Evaluation survey responses will be held confidential, in that only Dr. Carol Cohen and designated evaluation assistants will have access to the feedback sheets in the event they are mailed or submitted electronically. All responses will be held securely, in a locked file and the use of encrypted electronic storage. Consent to participate in the evaluation is signified by submission of a Feedback Survey.
We will construct a digest of quantitative and qualitative responses, and work with Real Cases Project Committee members in the analysis of quantitative data and themes in the qualitative responses. Findings and themes will be shared with members of the Social Work Education Consortium of New York and teaching guide authors to gather their thoughts about the feedback from faculty and student users.
We anticipate that the feedback and experience of respondents will be valuable to faculty members as they formulate their own plans to use the Real Cases Project in their classes. Therefore, all respondents (faculty and students) will be asked if they would like to have their feedback posted on the Project website. If respondents select the option to post open feedback on the website, their feedback will be grouped and identified only by course in which the material was used.
The formal evaluation’s purposes and research methods were reviewed by an Institutional Review Board for the protection of human subjects. The evaluation was found to have “exempt status”, since it focuses on understanding the impact and gathering feedback on instructional strategies incorporated into established social work education classes.
In summary, this evaluation is part of an educational process to gather voluntary feedback from social work faculty and students about the infusion of child welfare content across social work courses. As such, there are minimal risks to participation. Students and faculty are encouraged to contact Dr. Cohen at email@example.com, regarding any questions they have about the evaluation. Faculty participants are welcome to discuss the Real Cases Project with many persons who are ready to answer questions about the Real Cases Project, including Dr. Cohen, members of the Social Work Education Consortium, authors of teaching guides, and administrators in the New York City Administration of Children’s Services.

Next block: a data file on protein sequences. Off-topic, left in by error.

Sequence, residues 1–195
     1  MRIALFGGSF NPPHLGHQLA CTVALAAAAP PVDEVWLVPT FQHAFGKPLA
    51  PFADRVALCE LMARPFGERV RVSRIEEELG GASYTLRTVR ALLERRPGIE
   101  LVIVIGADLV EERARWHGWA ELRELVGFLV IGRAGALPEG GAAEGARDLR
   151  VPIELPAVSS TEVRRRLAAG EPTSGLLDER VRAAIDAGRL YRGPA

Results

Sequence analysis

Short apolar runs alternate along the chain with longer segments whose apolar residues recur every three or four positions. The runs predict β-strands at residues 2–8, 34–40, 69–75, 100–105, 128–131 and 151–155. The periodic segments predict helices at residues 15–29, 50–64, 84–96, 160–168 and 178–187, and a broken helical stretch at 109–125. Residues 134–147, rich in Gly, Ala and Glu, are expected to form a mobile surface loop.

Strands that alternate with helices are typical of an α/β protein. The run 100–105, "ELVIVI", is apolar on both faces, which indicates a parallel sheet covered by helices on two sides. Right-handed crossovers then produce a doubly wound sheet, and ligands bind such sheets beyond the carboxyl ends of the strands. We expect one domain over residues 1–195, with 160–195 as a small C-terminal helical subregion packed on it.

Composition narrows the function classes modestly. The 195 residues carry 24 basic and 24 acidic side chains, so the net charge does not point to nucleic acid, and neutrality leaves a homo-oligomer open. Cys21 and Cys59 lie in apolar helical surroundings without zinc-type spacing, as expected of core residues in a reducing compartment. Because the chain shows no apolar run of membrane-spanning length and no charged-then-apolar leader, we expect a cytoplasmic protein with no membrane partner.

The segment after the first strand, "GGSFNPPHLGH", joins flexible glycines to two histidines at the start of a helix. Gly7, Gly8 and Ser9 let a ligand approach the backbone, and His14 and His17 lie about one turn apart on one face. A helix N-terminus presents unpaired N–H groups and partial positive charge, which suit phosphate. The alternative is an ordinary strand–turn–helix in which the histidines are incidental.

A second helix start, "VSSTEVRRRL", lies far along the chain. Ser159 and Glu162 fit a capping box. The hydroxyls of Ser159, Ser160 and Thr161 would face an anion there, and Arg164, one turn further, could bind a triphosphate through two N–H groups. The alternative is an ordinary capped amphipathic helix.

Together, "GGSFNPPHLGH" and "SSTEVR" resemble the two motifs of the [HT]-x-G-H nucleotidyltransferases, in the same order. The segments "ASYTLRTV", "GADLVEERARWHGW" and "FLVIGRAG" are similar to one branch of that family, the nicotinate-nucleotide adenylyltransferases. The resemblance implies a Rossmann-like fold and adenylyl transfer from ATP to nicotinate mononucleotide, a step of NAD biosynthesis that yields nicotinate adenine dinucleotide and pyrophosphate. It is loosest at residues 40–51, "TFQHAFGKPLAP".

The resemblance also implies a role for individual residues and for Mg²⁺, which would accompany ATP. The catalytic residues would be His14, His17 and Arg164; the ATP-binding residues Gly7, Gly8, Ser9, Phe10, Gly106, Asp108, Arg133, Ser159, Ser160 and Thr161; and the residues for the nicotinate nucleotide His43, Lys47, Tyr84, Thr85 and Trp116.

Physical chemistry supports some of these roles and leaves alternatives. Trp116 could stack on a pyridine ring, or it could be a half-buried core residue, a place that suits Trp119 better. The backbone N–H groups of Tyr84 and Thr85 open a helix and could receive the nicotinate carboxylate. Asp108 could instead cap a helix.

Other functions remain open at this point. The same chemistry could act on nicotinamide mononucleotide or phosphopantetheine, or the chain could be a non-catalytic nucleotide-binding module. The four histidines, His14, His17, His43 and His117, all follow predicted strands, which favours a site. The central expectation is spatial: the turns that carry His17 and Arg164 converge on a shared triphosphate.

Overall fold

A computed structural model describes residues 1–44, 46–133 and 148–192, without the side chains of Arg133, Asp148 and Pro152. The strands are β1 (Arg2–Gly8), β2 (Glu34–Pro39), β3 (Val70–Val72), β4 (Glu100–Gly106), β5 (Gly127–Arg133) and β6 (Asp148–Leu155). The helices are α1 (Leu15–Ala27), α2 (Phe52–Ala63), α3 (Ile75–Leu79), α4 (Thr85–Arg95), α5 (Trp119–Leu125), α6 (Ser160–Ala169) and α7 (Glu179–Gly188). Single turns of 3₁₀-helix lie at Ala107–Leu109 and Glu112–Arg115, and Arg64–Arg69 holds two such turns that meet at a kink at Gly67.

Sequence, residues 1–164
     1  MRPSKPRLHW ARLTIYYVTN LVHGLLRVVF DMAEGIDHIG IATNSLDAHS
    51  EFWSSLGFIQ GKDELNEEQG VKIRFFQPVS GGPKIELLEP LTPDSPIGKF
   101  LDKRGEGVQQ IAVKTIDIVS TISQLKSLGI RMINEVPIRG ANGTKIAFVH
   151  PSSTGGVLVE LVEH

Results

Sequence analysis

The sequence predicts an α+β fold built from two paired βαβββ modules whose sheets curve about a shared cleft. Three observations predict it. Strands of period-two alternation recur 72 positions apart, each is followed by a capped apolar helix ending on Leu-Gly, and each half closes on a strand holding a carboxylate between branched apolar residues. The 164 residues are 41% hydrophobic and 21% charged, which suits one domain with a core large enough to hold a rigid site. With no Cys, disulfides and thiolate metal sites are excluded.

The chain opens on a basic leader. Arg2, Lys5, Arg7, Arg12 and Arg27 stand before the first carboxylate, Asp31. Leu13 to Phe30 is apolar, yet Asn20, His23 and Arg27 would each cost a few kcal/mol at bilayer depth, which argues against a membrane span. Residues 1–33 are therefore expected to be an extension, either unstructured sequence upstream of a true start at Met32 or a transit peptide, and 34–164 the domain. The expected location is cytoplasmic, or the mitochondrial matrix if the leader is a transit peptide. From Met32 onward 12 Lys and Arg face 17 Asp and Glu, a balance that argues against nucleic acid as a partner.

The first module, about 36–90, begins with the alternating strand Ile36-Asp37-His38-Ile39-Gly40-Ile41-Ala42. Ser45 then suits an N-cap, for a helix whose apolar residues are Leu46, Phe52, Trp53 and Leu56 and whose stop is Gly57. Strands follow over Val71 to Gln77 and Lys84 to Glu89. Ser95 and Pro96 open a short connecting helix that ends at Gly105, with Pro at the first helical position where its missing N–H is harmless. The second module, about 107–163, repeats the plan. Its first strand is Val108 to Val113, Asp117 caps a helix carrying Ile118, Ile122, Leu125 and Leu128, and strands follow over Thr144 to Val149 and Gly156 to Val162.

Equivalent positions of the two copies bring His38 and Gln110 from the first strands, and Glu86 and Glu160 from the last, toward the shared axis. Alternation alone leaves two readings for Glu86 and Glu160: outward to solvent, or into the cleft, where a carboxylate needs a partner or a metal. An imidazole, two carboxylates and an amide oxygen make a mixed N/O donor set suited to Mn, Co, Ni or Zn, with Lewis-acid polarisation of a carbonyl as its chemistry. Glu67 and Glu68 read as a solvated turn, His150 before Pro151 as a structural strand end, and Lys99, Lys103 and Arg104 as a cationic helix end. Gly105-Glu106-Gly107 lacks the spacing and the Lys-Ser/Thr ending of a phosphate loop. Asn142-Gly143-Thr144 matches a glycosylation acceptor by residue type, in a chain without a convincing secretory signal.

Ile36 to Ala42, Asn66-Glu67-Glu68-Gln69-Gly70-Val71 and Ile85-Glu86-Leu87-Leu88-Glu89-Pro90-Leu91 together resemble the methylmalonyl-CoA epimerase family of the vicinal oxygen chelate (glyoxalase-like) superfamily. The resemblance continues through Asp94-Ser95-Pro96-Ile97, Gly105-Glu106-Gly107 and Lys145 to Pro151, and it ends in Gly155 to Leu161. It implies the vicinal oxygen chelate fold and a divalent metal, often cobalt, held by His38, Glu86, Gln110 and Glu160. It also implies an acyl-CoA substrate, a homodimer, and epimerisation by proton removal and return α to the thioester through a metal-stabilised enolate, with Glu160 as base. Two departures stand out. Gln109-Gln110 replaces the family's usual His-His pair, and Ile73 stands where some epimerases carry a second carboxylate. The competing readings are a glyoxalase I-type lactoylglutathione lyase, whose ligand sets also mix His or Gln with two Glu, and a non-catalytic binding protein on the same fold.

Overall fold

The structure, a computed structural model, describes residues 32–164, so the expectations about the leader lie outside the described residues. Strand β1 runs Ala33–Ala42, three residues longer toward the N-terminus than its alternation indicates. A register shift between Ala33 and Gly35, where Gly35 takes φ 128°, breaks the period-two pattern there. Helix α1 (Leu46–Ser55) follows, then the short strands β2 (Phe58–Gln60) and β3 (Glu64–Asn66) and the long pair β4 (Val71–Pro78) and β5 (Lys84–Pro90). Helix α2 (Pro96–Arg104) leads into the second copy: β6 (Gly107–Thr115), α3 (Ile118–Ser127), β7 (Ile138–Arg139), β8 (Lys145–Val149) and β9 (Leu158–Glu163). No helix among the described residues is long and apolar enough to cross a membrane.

Informally, representatives of the member social work programs in the Social Work Education Consortium participate in ongoing meetings, at which they share feedback about the utilization and evaluation of Real Cases and Teaching Guides in their home institutions. We expect this discussion loop to continue, focusing on all aspects of the Real Cases Project and its future evolution.
Through the process of developing the teaching guides, many of the authors used the cases in their classroom, to pilot teaching strategies and activities. Reports on this pilot testing have enriched the guides, and have provided critical early feedback on the overall Real Cases Project. Preliminary reports suggest that students can apply the cases to learn course content through the use of thoughtful learning strategies. We will explore ways to further encourage community dialogue, including the feasibility of a bulletin board posting function through the Real Cases Project website in the future.